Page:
Cold weather creates citrus dilemma
Photo by Trevor Hylton, Defoliation caused by cold damage
January 24, 2014
By Trevor Hylton
The recent cold spell we had is the worst I have seen in all thirty years that I have lived in Tallahassee; I have experienced colder temperatures here but never that persistently. I remember going to lunch and leaving my drink cup in my truck and the following day at lunchtime it was still frozen, getting cold in Tallahassee is not uncommon but staying cold is what we are not used to.
I have two mature citrus trees, an orange and a tangor which is a hybrid of the mandarin orange and the sweet orange. The name “tangor” is a formation from the “tang” of tangerine and the “or” of orange. Both trees are over 12 feet tall and have been producing for years. They are located under an oak tree which provides cold protection and as such the fruits usually remain on the trees well into spring.
Subsequent to those two days of continuous below freezing temperatures I walked in my backyard to see an ordinarily colorful garden with mostly one color…..brown. After assessing the extent of the freeze damage to my annuals and some of the perennials I turned my attention to my citrus trees. I noticed that there was excessive leaf loss and some of the leaves that were still on the tree showed signs of browning on the margin. I shook a branch to ascertain the extent of the leaf drop and leaves fell like rain. I shook a little harder and a number of fruits started falling. I realized then that I may lose most of my tangor. One might question my decision to not have harvested those fruits before the freeze but even though they had turned yellow a month ago, they were not ripe. This variety naturally matures late and is for that reason it is not usually recommended for our area. Being a stubborn, risk taking gardener who does not believe that my friends in the southern parts of the state should be the only ones to enjoy this extremely sweet juicy fruit, I decided to embrace this variety for its many desirable characteristics despite its cold intolerance.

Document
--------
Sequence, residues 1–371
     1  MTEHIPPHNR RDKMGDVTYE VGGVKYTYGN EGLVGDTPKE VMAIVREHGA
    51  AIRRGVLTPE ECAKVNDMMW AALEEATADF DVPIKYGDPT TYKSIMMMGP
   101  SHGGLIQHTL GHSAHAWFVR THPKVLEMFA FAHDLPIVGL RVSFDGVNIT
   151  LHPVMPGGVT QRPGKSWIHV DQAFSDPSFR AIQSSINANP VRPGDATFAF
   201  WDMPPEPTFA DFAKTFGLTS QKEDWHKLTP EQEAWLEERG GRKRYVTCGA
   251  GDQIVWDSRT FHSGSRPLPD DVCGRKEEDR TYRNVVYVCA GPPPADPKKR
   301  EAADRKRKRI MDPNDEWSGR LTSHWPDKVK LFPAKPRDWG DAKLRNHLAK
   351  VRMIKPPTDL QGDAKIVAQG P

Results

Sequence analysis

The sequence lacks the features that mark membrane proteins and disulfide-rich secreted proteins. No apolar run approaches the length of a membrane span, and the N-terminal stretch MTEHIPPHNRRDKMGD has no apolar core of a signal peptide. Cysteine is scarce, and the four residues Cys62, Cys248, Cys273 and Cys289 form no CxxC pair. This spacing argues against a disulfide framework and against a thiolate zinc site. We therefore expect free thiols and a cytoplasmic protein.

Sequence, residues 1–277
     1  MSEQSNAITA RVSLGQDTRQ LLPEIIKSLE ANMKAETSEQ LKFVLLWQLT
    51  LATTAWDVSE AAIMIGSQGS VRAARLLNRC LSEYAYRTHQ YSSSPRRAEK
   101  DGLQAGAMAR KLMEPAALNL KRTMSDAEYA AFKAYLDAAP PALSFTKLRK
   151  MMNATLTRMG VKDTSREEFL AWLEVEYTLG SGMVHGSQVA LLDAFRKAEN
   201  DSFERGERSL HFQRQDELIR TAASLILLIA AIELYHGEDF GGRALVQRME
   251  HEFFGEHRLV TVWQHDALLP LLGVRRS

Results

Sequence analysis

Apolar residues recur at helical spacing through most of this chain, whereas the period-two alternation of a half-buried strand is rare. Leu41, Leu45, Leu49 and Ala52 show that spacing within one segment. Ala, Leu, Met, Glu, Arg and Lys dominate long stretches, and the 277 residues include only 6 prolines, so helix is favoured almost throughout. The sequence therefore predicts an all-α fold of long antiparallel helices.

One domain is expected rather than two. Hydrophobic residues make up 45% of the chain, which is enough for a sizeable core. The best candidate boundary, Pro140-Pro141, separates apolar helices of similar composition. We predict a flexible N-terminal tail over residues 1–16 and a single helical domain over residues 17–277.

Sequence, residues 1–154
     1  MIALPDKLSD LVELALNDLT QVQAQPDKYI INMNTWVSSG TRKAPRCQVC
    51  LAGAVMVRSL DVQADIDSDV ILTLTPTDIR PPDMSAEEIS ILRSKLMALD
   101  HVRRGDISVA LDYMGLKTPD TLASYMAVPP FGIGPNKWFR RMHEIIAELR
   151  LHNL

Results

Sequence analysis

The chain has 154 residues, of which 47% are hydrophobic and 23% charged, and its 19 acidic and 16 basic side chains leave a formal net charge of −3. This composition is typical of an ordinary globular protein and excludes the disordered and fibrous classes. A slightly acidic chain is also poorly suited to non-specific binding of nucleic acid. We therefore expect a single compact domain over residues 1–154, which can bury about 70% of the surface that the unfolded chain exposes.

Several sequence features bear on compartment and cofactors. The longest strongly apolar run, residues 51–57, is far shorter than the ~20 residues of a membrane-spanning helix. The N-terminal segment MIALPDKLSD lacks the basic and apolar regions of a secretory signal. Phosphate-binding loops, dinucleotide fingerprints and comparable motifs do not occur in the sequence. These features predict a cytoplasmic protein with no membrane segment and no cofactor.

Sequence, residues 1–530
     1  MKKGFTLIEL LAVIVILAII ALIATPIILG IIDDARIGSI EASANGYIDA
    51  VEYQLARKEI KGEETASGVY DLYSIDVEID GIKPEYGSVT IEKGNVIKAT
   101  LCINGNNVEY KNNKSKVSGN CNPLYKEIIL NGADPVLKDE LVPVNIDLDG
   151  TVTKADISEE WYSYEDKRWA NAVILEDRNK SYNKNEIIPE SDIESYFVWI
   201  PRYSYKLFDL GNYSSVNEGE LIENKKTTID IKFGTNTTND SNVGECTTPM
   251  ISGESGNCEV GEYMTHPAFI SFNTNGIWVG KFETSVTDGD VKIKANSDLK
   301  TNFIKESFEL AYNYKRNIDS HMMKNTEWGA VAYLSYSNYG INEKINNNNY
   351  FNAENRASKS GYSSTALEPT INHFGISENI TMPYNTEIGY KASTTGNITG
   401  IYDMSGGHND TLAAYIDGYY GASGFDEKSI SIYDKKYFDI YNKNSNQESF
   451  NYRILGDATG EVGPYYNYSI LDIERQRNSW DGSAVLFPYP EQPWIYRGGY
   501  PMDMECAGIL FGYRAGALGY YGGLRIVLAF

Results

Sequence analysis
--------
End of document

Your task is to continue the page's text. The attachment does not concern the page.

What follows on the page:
I did not observe any twig damage so I know the tree will rebound from this with ease. I am concerned though, that should we see another harsh cold spell, then I may get a reduction in production next season. This is because some of those buds may be starting to develop soon. I also think that the plant will be using most of its energy to replace the missing leaves and will not have enough for fruit production. Right now I don’t know how this story is going to end but I hope this winter ends soon.
Trevor Hylton is an Extension Agent with Florida A&M University and University of Florida IFAS Extension in Leon and Wakulla Counties. For more information about gardening in our area, visit the UF/ IFAS Leon County Extension website at http://leon.ifas.ufl.edu. For gardening questions, email us at Ask-A-Mastergardener@leoncountyfl.gov